U.S. Supreme Court Justice Ruth Bader Ginsburg died Friday night at her home in Washington, D.C. She was 87. Her death is likely to set up a political battle over when to nominate a successor.
Ginsburg died of problems connected to metastatic pancreatic cancer, the court said. Ginsburg announced in July that she was getting chemotherapy treatments for masses on her liver, the latest of her several battles with cancer.
Ginsburg was born in Brooklyn, New York, in 1933. Her dream, she had said, was to be an opera singer. She finished at the top of her Columbia University law school class in 1959 but no law firm would hire her. She had, in her words from 2007, “three strikes against her” — for being Jewish, female and a mother.
She went to work with the American Civil Liberties Union in the 1970s. Ginsburg won several cases against gender discrimination. In 1980, she was appointed to serve on a U.S. Court of Appeals. She joined the Supreme Court in 1993, under President Bill Clinton.
Ginsburg spent her final years on the court as the unquestioned leader of its liberal wing. She became hugely popular for her defense of the rights of women and minorities. Many young people were among her fans, appointing her with the hip-hop style name “Notorious RBG.”
She was also widely respected for the strength she showed in the face of many health issues. Those issues included five cancer crises, beginning in 1999. She had a bad fall that resulted in broken bones, a heart operation and other hospitalizations all later in life.
"Our Nation has lost a jurist of historic stature," said Chief Justice John Roberts in a statement. "We at the Supreme Court have lost a cherished colleague. Today we mourn, but with confidence that future generations will remember Ruth Bader Ginsburg as we knew her -- a tireless and resolute champion of justice."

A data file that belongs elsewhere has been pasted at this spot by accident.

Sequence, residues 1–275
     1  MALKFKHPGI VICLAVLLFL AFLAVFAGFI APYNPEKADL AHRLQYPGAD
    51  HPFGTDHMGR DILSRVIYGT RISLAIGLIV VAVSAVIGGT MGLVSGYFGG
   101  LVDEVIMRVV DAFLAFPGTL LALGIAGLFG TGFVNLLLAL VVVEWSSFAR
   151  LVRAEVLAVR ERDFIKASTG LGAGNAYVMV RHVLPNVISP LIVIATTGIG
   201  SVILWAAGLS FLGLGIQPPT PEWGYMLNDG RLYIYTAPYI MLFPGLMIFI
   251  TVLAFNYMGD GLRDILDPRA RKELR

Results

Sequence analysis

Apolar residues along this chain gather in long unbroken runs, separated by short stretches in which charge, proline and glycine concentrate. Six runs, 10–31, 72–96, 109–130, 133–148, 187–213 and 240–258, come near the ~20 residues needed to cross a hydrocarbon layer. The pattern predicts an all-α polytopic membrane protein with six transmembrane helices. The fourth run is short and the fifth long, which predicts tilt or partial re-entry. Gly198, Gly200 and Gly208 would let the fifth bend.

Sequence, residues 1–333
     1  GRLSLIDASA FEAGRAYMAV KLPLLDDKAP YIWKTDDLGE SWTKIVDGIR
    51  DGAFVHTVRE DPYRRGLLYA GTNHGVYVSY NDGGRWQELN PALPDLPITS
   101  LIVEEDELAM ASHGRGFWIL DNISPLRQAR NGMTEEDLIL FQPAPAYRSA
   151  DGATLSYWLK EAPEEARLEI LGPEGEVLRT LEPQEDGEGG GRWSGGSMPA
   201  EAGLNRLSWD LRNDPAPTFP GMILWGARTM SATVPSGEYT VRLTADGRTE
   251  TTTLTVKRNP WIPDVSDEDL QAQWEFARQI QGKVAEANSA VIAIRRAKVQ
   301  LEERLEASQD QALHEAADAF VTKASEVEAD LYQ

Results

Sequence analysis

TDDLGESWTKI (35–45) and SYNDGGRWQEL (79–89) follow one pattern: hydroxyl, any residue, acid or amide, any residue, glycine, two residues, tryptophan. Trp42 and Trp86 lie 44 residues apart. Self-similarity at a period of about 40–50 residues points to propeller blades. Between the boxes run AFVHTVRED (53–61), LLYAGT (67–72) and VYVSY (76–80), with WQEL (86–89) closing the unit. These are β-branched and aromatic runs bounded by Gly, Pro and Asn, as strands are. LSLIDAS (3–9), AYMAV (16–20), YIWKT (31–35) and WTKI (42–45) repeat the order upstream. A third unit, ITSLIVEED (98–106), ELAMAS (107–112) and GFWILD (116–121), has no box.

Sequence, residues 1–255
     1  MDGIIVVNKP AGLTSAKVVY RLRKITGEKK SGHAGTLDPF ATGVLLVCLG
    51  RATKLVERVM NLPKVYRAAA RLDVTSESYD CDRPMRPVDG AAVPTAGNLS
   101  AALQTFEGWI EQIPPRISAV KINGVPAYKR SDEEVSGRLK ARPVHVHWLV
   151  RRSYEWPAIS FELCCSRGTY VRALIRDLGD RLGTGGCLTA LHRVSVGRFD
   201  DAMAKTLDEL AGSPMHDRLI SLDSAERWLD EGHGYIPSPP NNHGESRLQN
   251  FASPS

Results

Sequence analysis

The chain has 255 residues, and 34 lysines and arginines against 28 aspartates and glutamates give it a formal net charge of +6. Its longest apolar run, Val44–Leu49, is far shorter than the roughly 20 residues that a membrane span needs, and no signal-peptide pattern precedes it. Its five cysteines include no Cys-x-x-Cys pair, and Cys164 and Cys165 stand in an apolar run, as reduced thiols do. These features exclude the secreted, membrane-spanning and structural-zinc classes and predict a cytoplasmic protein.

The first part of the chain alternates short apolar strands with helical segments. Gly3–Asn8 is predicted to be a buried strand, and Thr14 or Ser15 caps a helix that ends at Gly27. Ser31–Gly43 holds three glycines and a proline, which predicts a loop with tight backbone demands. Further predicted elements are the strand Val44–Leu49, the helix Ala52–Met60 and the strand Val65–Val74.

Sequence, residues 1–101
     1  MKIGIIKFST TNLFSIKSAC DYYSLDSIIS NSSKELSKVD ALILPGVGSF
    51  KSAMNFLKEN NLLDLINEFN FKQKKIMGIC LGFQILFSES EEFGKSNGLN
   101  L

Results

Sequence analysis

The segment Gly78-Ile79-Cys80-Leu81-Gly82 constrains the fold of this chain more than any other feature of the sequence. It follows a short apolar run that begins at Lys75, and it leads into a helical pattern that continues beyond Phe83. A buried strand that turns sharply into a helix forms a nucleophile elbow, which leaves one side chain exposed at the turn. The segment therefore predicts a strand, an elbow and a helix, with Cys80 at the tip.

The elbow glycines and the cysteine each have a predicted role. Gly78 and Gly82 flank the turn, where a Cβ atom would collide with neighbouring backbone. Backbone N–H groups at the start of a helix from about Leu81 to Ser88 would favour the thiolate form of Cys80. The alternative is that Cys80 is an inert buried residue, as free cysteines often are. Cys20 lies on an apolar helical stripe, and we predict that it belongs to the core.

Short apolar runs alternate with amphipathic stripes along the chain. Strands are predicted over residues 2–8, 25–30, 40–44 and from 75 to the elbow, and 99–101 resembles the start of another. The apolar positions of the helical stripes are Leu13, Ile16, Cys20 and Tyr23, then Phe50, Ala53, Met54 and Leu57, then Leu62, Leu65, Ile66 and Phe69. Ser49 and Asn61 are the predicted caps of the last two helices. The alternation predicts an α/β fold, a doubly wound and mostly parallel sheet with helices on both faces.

Political debate over replacement
Her death came just six weeks before election day, November 3. The news immediately opened debate over whether President Donald Trump should nominate a replacement and the Republican-led Senate should hold confirmation hearings. Trump’s main opponent in the race is Democratic Party candidate, Joe Biden.
Just hours after her death, Senate Majority Leader Mitch McConnell said in a statement, “President Trump’s nominee will receive a vote on the floor of the United States Senate.”
Democratic Senate leader Chuck Schumer replied on Twitter, “The American people should have a voice in the selection of their next Supreme Court Justice. Therefore, this vacancy should not be filled until we have a new president.”
In 2016, McConnell refused to hold a hearing for a Supreme Court candidate nominated by President Barack Obama, a Democrat. McConnell said at the time, "The next president may also nominate someone very different. Either way, our view is this: Give the people a voice."
National Public Radio reported that Ginsburg told her granddaughter Clara Spera just before she died: "My most fervent wish is that I will not be replaced until a new president is installed."
I’m Caty Weaver.
Caty Weaver wrote this report based on reports from The Associated Press and Reuters news agencies. Hai Do was the editor.
Words in This Story
successor – n. someone who has a job, position after another person
chemotherapy - n. the use of chemical to treat or control cancer
cherished - adj. feeling great love
confidence - n. a feeling that you can do something well
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